Juice of 1 lime
Salt and black pepper, to taste

3 tbs plain Greek yogurt
2 tsp adobo sauce from a can of chipotle chiles in adobo
Juice of 1 lime
Pinch each of salt and black pepper

For the TACOS: heat a large skillet over medium-low heat and add the olive oil. Add the shallots and garlic. Cook, stirring, until softened, 2-3 minutes. Add the zucchini, salt, and pepper and stir. Cook, stirring, until the zucchini becomes slightly tender, 5-6 minutes. Remove the skillet from the heat and set aside.
For the CORN SALSA, combine the corn kernels, jalapeno, cilantro, lime juice, salt, and pepper in a bowl and toss together.
For the CREMA, whisk together yogurt, adobo sauce, lime juice, salt and pepper.
To assemble the tacos, add some zucchini mixture to each warm tortilla and cover it with corn salsa. Drizzle some crema on top. Serve immediately.

Italian Vegetable Frittata

Italian Vegetable Frittata 022

Eggs and I have had a rather complicated relationship over the years. As a child, I liked scrambled eggs, but no other kinds – ever! Fast forward to college, where I majored in biology. Which meant taking labs. And labs meant conducting experiments, oftentimes on poor dead animals like fetal pigs and cats and frogs. And, chicken eggs.

Zucchini 001

My junior year, we used a special microscope to peer into a chicken egg that was actually meant to you know, hatch a live chicken. The egg was in its infancy stage, so it looked like a regular egg you’d buy in a carton at the grocery store, only we could see a beating heart. First it looked like nothing, then you’d see a quick burst of blood that then dissipated back into itself, like tossing a pebble into a puddle.

zucchini close-up 006

It freaked me the hell out. Probably shouldn’t have, but it was so weird to see this normal-looking egg, the likes of which I’d eaten my whole life, and all of a sudden there’s a bloody heartbeat in the middle of the yolk. And I mean a literal bloody heartbeat, not a British bloody heartbeat.

Italian Vegetable frittata 031

So, eggs and I broke up for a while. Despite liking the taste of scrambled eggs, I couldn’t bring myself to eat them after what I’d witnessed. It was just too weird. This persisted for several years. It wasn’t until Matt and I were dating that I agreed to try them again. See, I met him while he was a mid-twenty-something grad student, and scrambled eggs were one of the few things he knew he could make competently. So when I initially said I disliked them, he panicked a little, then regrouped and convinced me to try them. And I agreed. Because it was the beginning of the relationship, the part where we agree to do and try things we dislike, just for our new love.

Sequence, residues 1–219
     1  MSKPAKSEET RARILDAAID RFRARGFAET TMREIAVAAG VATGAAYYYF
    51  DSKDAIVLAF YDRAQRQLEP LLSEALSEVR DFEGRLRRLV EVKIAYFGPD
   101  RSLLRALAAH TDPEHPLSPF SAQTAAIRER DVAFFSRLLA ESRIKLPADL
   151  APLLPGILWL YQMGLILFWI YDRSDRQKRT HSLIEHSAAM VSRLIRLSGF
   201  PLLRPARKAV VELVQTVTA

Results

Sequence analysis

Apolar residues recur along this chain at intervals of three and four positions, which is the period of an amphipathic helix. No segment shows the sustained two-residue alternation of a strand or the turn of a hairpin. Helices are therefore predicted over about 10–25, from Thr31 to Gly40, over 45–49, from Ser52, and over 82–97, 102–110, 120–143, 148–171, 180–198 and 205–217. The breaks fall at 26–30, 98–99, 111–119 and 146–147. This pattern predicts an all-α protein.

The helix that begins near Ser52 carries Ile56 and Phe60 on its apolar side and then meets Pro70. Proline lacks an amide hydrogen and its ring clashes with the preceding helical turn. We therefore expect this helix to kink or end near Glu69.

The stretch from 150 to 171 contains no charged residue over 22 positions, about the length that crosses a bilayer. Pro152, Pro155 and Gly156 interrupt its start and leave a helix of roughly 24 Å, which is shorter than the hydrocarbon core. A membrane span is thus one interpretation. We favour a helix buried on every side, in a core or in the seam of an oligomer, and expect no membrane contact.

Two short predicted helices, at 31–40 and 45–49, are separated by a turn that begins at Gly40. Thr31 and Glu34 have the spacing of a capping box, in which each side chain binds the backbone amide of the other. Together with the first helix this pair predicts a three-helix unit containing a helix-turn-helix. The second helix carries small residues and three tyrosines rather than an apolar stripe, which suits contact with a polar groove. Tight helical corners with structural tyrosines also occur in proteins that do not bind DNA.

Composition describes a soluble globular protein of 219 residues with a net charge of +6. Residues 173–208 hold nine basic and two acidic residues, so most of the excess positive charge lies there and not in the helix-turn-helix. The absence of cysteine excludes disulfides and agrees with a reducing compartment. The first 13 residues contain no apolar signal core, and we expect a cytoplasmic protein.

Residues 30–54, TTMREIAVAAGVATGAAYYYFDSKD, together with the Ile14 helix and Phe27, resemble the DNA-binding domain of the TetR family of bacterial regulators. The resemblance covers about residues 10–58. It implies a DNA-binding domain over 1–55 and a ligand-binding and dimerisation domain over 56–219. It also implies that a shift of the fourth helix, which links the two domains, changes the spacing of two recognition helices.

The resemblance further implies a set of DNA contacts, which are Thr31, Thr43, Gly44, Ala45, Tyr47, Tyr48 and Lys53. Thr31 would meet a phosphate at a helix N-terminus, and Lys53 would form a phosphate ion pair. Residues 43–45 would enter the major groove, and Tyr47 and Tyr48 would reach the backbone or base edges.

Italian vegetable frittata 053

Good news though – I rekindled that old fondness for scrambled eggs, and decided to get over my squeamishness. And then the whole thing snowballed. Before you know it, I was eating poached eggs, and fried eggs, and baked eggs. Like frittatas. Something I never grew up eating, or even knowing about, for that matter…

Now I make them often. And this one I made with zucchini! And parmesan. And it was fluffy, light and delicious. Quite perfect, really. Enjoy!

italian vegetable frittata 042

{One Year Ago: Sweet Corn Sorghum Ice Pops}

Source: slightly adapted from The New Cast Iron Skillet Cookbook by Ellen Brown

3 tbs olive oil
1 medium onion, diced
2 garlic cloves, minced
1 lb. (about 3 thin) zucchini, halved lengthwise and thinly sliced
1 red bell pepper, seeded, stemmed and chopped
Kosher salt and black pepper
10 large eggs
3 tbs chopped fresh basil
2 tbs dried oregano
6 tbs half-and-half
½ cup grated Parmesan cheese

Preheat your oven to 425 F.
Heat a 12” cast iron skillet over medium-high heat. Add the oil and tilt the pan to coat evenly. Add the onion. Cook, stirring frequently, for 3 minutes, until the onion is softened a bit. Add the garlic, zucchini, and bell pepper. Season to taste with salt and pepper. Cook, stirring frequently, for 5-6 minutes, or until the veggies soften and the liquid has evaporated.
Meanwhile, in a mixing bowl, whisk the eggs with the basil, oregano, and half-and-half. Season to taste with salt and pepper.
Reduce the heat on the skillet to medium and pour the egg mixture into the skillet. Do not stir. Cook about 4 minutes, or until you just start seeing the sides begin to set. Sprinkle the cheese on top of the frittata evenly, then transfer the skillet to the oven and bake for 10 to 15 minutes, until the top is browned and a knife inserted into the center comes out clean.
Run a spatula around the sides of the skillet and under the bottom to release it. Cut into wedges and serve.

Zucchini Arugula Lasagna

zucchini arugula lasagna

So a couple weeks ago I was menu planning, and suddenly it occurred to me that it has been, I don’t know, maybe FOREVER since the last time I made a lasagna. How terrible of me! Time for that to be rectified, stat.

arugula ricotta lasagna filling